When people drive by homeless encampments at different sites, near the V.A., in West L.A. or in Venice, at almost all of them there is a porta-potty or a portable sink.
The City, during the pandemic, installed portable hand-washing stations and toilets in an effort to keep Covid-19 cases down among the homeless and to help with personal hygiene.
A June 16 investigative story in L.A.Taco (“Handwashing Station Vendors Collected Millions of Dollars in Payments from the City While Some Units Went Dry”), examined the success of the program.
The City split the contract between United Site Services (USS), which initially delivered 200 hand-washing stations and 200 porta-potties. Andy Gump supplied 50 units and National Construction and several other suppliers delivered fewer than 15 units.
Installing the units range from $9 for a handwashing station with two faucets to $30 for an ADA compliant bathroom.
L.A. also agreed to pay vendors more than $2 million to service the hand-washing stations and portable toilets since March 2020.
According to the article, vendors collected money from the city and federal government, but found “that hundreds of hand-washing stations and porta-potties went days, weeks and in some cases more than a month without being serviced by vendors between April and August of last year.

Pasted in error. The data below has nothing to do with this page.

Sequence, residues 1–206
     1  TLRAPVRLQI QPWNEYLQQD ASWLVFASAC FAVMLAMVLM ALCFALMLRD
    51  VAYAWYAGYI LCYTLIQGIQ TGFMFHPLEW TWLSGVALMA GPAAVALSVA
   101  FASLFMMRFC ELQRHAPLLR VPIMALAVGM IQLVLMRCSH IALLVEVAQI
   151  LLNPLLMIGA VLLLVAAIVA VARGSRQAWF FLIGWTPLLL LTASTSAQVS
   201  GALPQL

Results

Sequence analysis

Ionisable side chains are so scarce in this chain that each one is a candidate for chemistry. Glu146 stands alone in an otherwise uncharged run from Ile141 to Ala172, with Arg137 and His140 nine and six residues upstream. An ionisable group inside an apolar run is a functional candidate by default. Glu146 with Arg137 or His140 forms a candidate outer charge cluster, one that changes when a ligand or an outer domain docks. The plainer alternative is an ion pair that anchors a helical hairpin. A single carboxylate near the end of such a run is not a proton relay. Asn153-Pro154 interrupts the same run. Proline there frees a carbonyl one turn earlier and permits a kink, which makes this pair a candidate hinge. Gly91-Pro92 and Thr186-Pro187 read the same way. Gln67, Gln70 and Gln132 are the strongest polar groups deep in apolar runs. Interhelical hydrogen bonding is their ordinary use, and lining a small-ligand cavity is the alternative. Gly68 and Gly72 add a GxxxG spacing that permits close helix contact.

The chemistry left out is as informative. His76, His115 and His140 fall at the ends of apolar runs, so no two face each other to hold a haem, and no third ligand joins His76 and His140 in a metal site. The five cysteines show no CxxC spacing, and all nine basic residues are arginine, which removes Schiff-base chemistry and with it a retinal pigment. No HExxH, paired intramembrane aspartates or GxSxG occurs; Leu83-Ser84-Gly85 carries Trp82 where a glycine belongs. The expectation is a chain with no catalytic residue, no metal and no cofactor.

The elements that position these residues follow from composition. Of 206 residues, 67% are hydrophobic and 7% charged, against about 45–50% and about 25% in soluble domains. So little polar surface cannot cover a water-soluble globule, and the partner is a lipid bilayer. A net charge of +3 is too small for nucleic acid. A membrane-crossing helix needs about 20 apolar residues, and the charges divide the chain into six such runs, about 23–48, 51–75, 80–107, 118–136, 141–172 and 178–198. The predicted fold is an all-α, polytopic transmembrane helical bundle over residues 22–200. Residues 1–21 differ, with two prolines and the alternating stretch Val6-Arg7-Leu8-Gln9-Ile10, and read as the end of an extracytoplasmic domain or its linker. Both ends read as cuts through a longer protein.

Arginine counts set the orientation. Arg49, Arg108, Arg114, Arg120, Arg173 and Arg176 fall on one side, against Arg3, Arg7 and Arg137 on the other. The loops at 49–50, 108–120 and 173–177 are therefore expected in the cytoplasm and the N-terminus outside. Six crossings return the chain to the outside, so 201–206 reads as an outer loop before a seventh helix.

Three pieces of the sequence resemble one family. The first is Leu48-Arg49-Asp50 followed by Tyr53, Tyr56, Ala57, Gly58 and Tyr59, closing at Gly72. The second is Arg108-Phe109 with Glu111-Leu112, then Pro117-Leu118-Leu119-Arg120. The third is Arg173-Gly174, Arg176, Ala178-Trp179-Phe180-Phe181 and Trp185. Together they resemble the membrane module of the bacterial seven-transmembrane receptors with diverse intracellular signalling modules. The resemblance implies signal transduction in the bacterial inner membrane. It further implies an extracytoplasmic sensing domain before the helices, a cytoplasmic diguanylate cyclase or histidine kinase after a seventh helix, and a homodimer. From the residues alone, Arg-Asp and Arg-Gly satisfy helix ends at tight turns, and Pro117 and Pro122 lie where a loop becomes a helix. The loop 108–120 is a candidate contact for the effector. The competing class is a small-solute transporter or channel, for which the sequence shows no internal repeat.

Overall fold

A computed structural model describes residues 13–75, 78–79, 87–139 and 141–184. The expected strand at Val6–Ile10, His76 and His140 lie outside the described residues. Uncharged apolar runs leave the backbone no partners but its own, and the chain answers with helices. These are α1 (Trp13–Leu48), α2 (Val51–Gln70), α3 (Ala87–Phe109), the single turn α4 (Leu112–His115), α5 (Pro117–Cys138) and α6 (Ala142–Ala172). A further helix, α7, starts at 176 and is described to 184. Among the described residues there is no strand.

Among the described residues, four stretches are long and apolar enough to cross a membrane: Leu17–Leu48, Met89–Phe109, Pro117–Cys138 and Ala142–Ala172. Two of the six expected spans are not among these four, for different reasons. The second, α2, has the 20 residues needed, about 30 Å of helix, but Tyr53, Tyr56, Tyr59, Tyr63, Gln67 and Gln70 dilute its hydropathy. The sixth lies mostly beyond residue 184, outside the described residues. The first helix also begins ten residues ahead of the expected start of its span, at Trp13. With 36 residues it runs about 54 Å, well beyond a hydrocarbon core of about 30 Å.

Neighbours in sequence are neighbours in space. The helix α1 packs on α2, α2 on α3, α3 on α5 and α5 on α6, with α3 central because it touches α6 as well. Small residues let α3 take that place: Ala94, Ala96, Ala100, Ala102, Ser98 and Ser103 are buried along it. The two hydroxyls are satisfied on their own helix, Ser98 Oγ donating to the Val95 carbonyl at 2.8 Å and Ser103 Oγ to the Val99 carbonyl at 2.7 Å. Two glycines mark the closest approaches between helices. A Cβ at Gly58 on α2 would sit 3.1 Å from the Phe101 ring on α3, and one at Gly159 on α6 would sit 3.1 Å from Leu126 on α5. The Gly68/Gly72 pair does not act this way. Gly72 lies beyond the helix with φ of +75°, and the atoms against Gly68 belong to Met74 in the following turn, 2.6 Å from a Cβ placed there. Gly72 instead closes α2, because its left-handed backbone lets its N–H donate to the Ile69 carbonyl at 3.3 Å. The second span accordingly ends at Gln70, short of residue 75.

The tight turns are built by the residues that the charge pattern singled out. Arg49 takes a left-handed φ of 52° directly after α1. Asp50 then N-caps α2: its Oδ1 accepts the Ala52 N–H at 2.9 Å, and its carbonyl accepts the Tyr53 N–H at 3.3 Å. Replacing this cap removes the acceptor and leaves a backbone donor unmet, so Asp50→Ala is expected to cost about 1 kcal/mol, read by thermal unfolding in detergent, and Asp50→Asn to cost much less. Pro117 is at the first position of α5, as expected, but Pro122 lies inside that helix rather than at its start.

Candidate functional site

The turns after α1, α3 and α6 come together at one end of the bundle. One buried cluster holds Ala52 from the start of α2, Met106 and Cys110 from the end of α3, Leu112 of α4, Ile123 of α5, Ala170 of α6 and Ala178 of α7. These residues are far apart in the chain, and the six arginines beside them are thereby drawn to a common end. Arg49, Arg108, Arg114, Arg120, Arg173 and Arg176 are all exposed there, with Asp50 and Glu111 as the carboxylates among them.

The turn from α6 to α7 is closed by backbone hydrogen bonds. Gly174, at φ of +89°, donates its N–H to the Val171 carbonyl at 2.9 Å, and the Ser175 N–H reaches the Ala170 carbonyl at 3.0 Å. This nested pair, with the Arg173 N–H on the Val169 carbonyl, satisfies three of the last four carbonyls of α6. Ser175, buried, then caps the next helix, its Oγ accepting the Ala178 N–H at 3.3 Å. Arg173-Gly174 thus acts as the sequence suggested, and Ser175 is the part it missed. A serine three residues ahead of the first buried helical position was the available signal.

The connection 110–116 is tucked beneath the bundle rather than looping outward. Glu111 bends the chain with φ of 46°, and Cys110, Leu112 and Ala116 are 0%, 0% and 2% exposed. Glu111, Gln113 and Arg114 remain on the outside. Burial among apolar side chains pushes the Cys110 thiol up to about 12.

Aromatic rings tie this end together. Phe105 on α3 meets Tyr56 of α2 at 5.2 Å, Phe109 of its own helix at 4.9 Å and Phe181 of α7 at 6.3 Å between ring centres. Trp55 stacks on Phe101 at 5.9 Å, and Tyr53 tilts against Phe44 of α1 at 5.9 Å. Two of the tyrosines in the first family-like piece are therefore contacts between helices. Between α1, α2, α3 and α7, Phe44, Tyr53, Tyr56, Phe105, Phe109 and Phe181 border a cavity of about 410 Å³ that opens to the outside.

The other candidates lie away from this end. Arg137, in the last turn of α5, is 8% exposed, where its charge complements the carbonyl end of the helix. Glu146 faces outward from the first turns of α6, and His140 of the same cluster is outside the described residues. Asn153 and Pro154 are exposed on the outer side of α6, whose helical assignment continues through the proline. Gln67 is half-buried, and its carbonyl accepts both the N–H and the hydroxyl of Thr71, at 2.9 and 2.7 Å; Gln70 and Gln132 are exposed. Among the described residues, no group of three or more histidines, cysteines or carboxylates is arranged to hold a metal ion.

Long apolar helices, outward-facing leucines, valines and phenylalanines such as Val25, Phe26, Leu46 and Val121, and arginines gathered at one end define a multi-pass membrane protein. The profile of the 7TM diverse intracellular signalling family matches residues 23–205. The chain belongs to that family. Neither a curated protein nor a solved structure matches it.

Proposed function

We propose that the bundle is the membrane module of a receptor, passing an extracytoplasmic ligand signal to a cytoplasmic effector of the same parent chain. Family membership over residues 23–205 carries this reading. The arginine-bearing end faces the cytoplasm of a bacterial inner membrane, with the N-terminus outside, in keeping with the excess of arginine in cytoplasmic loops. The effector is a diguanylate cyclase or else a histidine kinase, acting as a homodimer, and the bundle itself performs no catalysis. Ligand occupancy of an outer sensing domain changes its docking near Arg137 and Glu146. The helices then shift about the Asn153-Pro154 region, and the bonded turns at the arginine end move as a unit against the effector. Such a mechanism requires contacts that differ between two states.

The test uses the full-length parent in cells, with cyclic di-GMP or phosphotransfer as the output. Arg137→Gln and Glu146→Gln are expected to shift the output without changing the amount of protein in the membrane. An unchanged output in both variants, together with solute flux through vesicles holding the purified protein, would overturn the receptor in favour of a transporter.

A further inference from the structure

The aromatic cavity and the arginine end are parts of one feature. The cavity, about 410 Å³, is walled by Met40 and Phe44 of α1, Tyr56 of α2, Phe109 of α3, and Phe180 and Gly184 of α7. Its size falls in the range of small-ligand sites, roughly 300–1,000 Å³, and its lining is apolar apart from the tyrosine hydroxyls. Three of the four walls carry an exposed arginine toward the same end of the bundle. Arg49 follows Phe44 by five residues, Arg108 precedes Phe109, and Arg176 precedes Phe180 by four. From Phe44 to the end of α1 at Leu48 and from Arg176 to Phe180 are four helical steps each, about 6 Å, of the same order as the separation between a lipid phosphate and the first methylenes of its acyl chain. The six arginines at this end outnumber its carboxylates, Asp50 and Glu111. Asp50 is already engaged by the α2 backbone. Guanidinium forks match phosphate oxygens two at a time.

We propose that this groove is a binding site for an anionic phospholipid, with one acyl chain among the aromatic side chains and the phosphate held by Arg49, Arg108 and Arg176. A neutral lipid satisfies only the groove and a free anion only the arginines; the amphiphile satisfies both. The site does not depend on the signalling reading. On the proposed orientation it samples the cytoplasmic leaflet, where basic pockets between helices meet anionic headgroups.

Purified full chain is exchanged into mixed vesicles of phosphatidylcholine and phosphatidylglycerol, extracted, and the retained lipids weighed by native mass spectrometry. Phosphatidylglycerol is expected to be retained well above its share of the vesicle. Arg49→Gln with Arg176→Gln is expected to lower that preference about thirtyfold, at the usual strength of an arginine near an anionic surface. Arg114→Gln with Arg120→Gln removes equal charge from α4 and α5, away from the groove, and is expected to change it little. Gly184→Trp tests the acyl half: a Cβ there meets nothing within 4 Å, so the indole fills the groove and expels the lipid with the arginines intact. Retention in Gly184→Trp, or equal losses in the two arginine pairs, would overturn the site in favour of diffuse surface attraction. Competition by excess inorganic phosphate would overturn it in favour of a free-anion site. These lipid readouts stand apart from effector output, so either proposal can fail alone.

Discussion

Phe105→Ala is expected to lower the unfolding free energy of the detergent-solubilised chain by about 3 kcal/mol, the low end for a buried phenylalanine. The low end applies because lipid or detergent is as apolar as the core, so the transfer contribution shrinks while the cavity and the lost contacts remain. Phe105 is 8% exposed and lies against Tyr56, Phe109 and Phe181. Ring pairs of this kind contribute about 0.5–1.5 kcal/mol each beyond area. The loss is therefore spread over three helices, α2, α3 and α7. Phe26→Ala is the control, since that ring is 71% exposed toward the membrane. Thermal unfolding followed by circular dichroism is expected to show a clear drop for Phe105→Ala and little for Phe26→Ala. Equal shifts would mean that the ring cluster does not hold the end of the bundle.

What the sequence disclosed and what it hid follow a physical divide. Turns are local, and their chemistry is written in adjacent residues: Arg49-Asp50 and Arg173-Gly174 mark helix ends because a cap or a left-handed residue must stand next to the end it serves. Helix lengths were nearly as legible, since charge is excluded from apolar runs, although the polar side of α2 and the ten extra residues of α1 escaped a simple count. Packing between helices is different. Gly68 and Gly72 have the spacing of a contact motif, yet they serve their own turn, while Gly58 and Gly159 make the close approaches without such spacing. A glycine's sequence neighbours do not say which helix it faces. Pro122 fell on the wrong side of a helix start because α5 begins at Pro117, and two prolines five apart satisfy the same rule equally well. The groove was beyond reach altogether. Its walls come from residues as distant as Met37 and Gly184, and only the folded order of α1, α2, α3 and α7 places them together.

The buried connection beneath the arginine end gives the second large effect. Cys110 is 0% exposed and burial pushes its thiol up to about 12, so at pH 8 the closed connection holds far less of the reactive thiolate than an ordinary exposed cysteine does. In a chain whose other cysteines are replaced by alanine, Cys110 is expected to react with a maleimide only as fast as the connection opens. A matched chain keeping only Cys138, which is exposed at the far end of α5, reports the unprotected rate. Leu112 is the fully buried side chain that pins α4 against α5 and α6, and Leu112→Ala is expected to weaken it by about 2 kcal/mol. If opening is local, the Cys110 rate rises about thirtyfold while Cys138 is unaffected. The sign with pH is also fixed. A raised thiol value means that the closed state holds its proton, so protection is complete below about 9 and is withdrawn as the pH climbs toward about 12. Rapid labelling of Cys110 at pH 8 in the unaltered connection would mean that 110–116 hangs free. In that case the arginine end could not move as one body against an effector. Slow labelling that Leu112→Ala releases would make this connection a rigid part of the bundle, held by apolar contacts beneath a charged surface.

“And since then, we’ve continued to come across hygiene stations that are unusable,” the story reports.
“Just this past weekend we assessed four hand-washing stations and two porta-potties near MacArthur Park that were in need of service over the span of multiple days. Despite these lapses in service, the city continues to pay vendors.
“According to Brian Swanson, an analyst with the Department of General Services familiar with the contracts, and recent purchase orders reviewed by L.A. TACO, hygiene stations cost taxpayers roughly $200,000 per month currently.
“Daily maintenance accounts for most of the bill,” the story noted. “In February for example, USS charged the city more than $135,000 to supply and service roughly 350 hand-washing stations and toilets. More than 60 percent of that money went towards maintenance.”
The reporters kept track of several locations and noted that many that lacked soap, water or that toilets were unusable because of lack of maintenance.
When questioned, Swanson said that if people were not satisfied with the units, they could file a “formal supplier performance request.”
(Editor’s note: This is the third investigative article that was produced as a project for the USC Annenberg Center for Health Journalism’s 2020 Data Fellowship. Visit: https://www.lataco.com/hand-washing-vendors/)